In fatigue design of steel structures the hot spot area is normally limited in size. In pipelines and cylinders used for transportation and storage of compressed natural gas the hot spot area can extend to several kilometers along a seam weld subjected much to the same stress range. The fatigue capacity for large diameter pipes is reduced as the weld length is increased. The seam weld in pipes is subjected to a significant stress range normal to its weld toes when it is subjected to varying internal pressure from start and stop of gas transportation through pipelines and from filling and emptying of cylinders. A reliable methodology is required for fatigue design of long pipes in order to meet target safety level at an acceptable cost. This includes description of physical models that represents actual long term fatigue capacity of the pipes subjected to varying internal pressure. The design methodology includes length of welds, fabrication tolerances, fabrication methodology and non destructive testing. It also involves definition of characteristic values for loading and capacity in addition to a recommended Design Fatigue Factor to be used in fatigue design. Alternative fatigue design procedures require different Design Fatigue Factors to achieve a required target safety level for pipelines and cylinders used for transportation of gas. These issues are further considered in this paper.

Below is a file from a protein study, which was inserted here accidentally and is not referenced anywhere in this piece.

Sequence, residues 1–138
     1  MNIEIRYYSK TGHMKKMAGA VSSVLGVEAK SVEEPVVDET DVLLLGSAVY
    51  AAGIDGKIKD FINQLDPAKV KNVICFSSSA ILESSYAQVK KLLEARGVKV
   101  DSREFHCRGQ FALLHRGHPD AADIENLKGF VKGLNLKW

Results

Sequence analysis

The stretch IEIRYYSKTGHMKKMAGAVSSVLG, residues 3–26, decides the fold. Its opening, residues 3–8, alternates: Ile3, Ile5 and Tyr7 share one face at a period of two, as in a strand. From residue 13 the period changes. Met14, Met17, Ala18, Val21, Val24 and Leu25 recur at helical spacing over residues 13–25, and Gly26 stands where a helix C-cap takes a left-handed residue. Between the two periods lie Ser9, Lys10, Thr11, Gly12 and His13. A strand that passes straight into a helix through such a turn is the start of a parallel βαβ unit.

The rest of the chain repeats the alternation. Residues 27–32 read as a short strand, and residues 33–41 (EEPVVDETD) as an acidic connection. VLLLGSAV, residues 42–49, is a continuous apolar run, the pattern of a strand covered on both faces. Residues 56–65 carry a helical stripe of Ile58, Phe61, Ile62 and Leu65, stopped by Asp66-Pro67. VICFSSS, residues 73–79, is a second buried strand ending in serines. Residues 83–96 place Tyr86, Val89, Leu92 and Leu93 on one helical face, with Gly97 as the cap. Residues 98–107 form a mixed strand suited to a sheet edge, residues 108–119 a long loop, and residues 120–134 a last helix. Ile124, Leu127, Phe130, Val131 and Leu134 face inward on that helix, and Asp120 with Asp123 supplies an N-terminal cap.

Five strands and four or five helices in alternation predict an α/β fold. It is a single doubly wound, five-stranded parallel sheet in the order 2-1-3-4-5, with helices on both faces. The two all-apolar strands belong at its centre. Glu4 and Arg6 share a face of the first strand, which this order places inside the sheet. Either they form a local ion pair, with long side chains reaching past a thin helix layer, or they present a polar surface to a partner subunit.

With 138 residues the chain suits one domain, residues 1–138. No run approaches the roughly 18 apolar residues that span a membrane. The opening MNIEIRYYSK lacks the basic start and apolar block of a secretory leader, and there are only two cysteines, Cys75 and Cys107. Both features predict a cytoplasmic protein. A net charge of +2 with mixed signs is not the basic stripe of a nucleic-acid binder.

- Ocean, Offshore and Arctic Engineering Division
System Effects in Fatigue Design of Long Pipes and Pipelines
Lotsberg, I, Mo̸rk, K, Valsga˚rd, S, & Sigurdsson, G. "System Effects in Fatigue Design of Long Pipes and Pipelines." Proceedings of the ASME 2010 29th International Conference on Ocean, Offshore and Arctic Engineering. 29th International Conference on Ocean, Offshore and Arctic Engineering: Volume 6. Shanghai, China. June 6–11, 2010. pp. 117-124. ASME. https://doi.org/10.1115/OMAE2010-20647
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